Google Cloud gets GenAI creating cybersecurity powerhouse

Google has announced that it's integrating generative AI into the Google Cloud to assist users across its various products and platforms – including its new Gemini-driven security platform.

Alphabet’s Google announced a slew of innovative AI integrations as a lead up to its 2024 Google Next event held in Las Vegas until April 11th.

But, Palo Alto Networks and Google Cloud kept it strictly cybersecurity in a press release highlighting their ten figure, multi-year security driven partnership Tuesday.

The jointly built Palo Alto and Google AI-powered security platform will combine Google Cloud’s secure-by-design architecture and Palo Alto Networks' end-to-end security solutions, enabling a Zero Trust Network posture in the cloud, the companies said.

"As the threat landscape intensifies, organizations are betting on AI-powered platformization to protect their most valuable assets," said Nikesh Arora, President and CEO of Palo Alto Networks.

Google’s AI-generative large language model (LLM) Gemini Pro 1.5 will join Cloud bringing with it, the foundation model’s advanced reasoning and multi-modal processing skills.

Gemini will provide AI assistance to “help users work and code more efficiently, manage their applications, gain deeper data insights, identify and resolve security threats,” Google reiterated in a blog post on Tuesday.

AI-powered security platforms can automate and consolidate multiple security solutions, while delivering near-real-time security resolutions, the companies said.

Joseph Thacker, principal AI engineer and security researcher at SaaS security firm AppOmni, believes the integration of Gemini GenAI into Google Cloud's security services could be a great feature for security professionals.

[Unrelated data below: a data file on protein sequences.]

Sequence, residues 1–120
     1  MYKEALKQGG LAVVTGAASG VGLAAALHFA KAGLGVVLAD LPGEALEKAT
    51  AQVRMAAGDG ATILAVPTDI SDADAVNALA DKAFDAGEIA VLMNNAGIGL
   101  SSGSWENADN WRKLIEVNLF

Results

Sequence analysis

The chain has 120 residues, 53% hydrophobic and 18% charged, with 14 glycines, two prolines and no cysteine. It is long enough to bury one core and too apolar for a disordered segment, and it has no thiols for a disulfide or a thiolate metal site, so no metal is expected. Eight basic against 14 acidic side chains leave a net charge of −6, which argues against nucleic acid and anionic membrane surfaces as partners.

“If it's built well, and they can leverage insights and recommendations from the AI systems, security professionals could significantly improve their response times and overall effectiveness in detecting and mitigating threats,” Thacker said.

Gemini in Security

The two main components of the AI-capable security platform have been dubbed 'Gemini in Threat Intelligence' and 'Gemini in Security Operations.'

Now in public preview, Gemini-powered threat intelligence can convey “deep insight about threat actor behavior within seconds,” tapping into the Mandiant intel repository, Google said.

Other AI features that are expected to help threat researchers be more efficient include automating web crawling for relevant Open-Source Intelligence (OSINT) articles, ingesting information, and providing concise summaries of materials.

The AI model will also be able to evaluate much larger samples of possibly harmful code with its VirusTotal Code Insight feature. “Gemini will be able to analyze and explain the behavior of potentially malicious code without needing to reverse engineer scripts," Google said.

The second component, also in public preview, is the Gemini Security Command Center.

The AI-powered investigation feature uses conversational chat to "summarize critical and high-priority alerts for misconfigurations and vulnerabilities" and will recommend actions to plug potential exploits using simulated attack paths.

The AI capabilities are expected to improve every stage of the security lifecycle, a plus for security teams to help them proactively mitigate risk.

Being able to “use natural language to search capabilities across threat intelligence sources and summarize a lot of data quickly will help empower security professionals to make more informed decisions faster,” Thacker said.

Google said the AI-assisted security features will also help cyber teams to reduce repetitive tasks and make it easier to investigate and then respond to a potential cyber incident.

Thacker also pointed out that the importance of SaaS security cannot be overstated in AI implementations.

“Most all AI implementations today have SaaS architecture. It wouldn't surprise me if there were some prompt injection and even SaaS deployment related issues in these new features,” he said.

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